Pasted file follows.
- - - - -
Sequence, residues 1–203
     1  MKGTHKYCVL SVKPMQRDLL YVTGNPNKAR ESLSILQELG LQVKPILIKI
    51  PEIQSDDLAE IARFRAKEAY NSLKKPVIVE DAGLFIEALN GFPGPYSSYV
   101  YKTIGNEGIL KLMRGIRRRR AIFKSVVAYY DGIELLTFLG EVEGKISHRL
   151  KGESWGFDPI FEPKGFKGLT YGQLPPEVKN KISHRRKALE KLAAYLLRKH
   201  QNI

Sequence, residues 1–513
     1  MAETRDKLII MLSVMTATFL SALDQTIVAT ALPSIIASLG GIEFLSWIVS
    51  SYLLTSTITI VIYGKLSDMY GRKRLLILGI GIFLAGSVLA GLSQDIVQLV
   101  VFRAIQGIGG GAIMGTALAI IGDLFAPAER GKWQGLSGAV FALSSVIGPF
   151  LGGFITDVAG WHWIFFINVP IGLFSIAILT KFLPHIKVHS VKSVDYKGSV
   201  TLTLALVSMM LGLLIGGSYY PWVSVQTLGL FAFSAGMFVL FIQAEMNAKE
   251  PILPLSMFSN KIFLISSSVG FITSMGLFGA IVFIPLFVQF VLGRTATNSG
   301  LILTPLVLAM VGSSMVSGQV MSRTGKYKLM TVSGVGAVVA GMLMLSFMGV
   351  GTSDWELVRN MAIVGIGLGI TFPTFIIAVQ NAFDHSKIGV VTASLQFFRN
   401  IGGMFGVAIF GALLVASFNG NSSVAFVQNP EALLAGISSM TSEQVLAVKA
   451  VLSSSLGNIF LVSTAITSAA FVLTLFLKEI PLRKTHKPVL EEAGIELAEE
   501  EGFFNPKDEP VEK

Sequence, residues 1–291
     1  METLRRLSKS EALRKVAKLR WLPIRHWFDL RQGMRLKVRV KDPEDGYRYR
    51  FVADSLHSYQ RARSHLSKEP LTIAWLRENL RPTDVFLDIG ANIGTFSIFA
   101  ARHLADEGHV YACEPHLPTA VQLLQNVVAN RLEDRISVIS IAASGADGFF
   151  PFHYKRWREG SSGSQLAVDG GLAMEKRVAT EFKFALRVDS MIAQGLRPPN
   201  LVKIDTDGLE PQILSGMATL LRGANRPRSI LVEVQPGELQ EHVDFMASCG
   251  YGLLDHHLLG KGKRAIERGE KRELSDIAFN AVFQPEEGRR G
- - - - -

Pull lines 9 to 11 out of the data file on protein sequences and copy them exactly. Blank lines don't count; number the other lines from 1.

    51  SYLLTSTITI VIYGKLSDMY GRKRLLILGI GIFLAGSVLA GLSQDIVQLV
   101  VFRAIQGIGG GAIMGTALAI IGDLFAPAER GKWQGLSGAV FALSSVIGPF
   151  LGGFITDVAG WHWIFFINVP IGLFSIAILT KFLPHIKVHS VKSVDYKGSV